Within AngularJS, you define the controller seperately, with the ng-controller directive.  With JSF, you specify the managed bean within the expression itself.  This means that you have greater flexibility with JSF and your managed beans are more fine grained then the AngularJS controller.
I find also the usage of the expression markers, the {{}} and #{}, is more consistent within JSF.  When using the directives ng-model, ng-repeat, etc ... the {{}} marker isn't needed because AngularJS evaluates the string.  But this makes it less readable for a novice as me. You need to know that the string placed in directives are some variables defined in a controller which is defined in some of the parent tags.

Controller versus Managed bean.

The AngularJS controller and the JSF managed bean are very similar.  Of course, they are written in another language but both have the same architectural role. They are both referenced from the expression language, they buffer the values for the screen and they contain the methods referenced from the on-click of the buttons.
The actual work is in both occasions delegated to some services injected into the controllers.


The partial page updates is one of the major differences between the frameworks. With JSF, by default the page is completely rebuilded after each post to the server.  With the versions 2.x there is support for partially updating the page.  But you have to specify it on every place where you like to use it. This is in contrast with AngularJS where the values of the expression language is updated after every 'event'.
So for example, when you start typing in an input field with the ng-model directive, all the expressions in the page, the watches, are checked to see if they need to be updated.  Of course, this gives the user maximal responsive applications but can lead to a performance issue when you have a lot of those expressions/watches in your page.  But according to the documentation, 1000 should be no problem what is sufficient for normal applications.

AngularJS application generation

Due to the analogy between the 2 frameworks, I started playing with the idea that I could take a JSF application and 'compile' it to the AngularJS version.
I knew that it wouldn't be easy but started in a good spirit and defined some new JSF tags that where needed.  My page looked something like this:
  <h:form id="name-form">
   <r:controller library="person" url="personList" handler="#{personService.loadAllPersons}" alias="persons"
        <ui:fragment rendered="#{not empty persons}">
            <ul id="names-list">
                <ui:repeat value="#{persons}" var="person">
                        <div class="view">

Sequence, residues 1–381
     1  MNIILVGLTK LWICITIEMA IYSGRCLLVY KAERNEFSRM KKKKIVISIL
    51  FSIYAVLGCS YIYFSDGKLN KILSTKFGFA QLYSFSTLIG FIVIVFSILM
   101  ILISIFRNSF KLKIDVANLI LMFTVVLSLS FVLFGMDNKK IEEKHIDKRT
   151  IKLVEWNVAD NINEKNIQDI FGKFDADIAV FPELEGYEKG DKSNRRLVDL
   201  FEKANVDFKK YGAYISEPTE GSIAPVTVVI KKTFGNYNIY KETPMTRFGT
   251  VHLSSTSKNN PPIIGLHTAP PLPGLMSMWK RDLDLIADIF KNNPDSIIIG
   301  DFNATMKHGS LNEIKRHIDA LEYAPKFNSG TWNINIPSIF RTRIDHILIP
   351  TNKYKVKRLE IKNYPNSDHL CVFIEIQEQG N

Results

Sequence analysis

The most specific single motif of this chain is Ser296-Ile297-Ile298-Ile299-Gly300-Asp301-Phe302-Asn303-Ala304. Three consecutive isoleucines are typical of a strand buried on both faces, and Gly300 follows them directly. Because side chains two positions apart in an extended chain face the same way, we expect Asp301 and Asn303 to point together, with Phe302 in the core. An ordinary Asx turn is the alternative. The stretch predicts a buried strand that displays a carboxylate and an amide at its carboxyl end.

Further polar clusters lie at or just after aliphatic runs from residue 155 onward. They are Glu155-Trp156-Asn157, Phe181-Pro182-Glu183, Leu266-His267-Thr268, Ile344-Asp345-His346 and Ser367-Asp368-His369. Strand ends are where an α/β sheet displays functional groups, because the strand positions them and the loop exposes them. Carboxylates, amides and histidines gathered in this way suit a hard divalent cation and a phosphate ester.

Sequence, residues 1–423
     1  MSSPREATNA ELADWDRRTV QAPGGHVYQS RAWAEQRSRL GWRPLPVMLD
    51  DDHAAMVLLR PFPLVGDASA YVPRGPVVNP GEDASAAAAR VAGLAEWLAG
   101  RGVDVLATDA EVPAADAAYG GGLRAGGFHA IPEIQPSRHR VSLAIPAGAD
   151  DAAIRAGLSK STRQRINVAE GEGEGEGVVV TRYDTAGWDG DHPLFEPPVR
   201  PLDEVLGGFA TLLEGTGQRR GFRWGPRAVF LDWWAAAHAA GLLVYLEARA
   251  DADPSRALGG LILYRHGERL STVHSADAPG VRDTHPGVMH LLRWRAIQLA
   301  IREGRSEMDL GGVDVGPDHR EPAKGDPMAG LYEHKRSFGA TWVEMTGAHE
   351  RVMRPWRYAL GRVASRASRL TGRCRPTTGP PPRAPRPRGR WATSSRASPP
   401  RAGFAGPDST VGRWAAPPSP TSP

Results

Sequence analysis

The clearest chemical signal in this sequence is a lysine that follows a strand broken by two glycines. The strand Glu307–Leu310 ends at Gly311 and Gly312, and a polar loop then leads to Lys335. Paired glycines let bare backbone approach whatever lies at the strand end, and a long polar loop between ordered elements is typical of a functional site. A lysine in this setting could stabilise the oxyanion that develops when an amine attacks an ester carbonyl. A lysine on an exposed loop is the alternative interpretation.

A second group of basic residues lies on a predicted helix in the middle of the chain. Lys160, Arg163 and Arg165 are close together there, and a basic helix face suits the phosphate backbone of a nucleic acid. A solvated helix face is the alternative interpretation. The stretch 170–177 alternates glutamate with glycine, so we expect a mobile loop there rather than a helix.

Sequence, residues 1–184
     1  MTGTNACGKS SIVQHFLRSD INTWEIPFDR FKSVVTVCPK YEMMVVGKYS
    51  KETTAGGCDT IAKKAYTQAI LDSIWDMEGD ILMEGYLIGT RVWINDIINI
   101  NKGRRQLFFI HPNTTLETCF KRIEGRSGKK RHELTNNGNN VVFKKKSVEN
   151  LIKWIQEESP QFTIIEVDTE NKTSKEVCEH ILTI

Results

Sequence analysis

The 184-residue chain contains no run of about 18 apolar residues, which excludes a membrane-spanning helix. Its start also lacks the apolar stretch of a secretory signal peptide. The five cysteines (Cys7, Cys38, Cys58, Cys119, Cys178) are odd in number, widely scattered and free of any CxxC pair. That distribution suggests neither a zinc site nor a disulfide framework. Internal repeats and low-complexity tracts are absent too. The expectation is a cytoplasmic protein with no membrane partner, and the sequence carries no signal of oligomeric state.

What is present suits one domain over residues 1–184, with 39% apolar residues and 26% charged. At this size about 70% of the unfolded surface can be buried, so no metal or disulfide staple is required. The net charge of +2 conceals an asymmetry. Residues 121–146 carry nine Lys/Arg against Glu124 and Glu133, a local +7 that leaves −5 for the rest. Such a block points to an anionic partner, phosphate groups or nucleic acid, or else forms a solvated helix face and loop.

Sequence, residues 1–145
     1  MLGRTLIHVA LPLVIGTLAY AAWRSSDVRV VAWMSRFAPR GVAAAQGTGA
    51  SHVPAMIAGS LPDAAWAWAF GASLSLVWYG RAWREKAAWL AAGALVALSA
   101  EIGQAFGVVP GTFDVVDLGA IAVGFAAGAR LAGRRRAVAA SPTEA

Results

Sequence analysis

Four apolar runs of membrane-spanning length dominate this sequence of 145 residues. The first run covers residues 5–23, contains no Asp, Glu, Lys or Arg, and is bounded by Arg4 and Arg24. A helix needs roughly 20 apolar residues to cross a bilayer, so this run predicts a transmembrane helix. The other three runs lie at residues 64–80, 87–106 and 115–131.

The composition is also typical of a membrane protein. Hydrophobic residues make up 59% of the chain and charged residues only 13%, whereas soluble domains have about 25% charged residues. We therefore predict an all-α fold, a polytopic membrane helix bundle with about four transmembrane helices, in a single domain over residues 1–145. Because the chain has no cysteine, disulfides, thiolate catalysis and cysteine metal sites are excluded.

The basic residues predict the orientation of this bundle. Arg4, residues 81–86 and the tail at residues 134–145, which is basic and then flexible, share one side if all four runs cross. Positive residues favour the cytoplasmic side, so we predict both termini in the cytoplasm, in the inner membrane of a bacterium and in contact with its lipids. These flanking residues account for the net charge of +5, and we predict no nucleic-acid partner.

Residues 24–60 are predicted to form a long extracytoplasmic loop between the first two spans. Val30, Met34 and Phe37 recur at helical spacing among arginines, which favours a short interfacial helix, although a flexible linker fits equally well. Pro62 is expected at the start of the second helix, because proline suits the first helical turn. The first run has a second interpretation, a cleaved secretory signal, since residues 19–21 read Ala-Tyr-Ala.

<label><h:outputText value="#{person.firstName} #{person.lastName}"/></label>
                            <p:commandButton styleClass="destroy" actionListener="#{personService.deleteById(person.id)}"
               ajax="false" id="removeBtn" value="?"/>
  <p:growl showDetail="true"/>
With the controller tag, you would be able to define the URL on which the JAX-RS rest would be configured (here /person/personList), the method of the CDI bean which should provide the data and the alias under which this list is available for the expression language.
Besides the generation of the AngularJS HTML file, it is also the intention to generate the JAX-RS classes that handles the communication with JSON data.
Now that I'm a few months further, I realize that my target was set too high. A lot of things are already working like
  • A custom ELResolver to support the alias created in the controller app
  • A JSF preview, so that you can run the JSF application which contains the app and controller tags.
  • The generation of the AngularJS HTML page and javascript files.
  • Basics of the JAX-RS classes generation
  • A maven plugin with a 'compiler' that takes a JSF maven app and creates a AngularJS maven app.
But a lot more work need to be done before it is useable.  And since I don't have that much spare time, I decided to postpone this idea and focus on other topics of the StatelessPrime idea.

In one of the next blog posts, I can present you a way to integrate JSF and AngularJS application in a single web page. And with integrate, I mean that JSF calls AngularJS controller methods and AngularJS code calls JSF backing bean methods.


Of course, JSF which is mainly a server side framework is different from AngularJS, a JavaScript framework for the browser.  And they target also different kind of web applications.  Both they are surprisingly alike in defining the html output and the concepts.

So someone who is familiar with JSF can learn very quickly AngularJS and vice versa.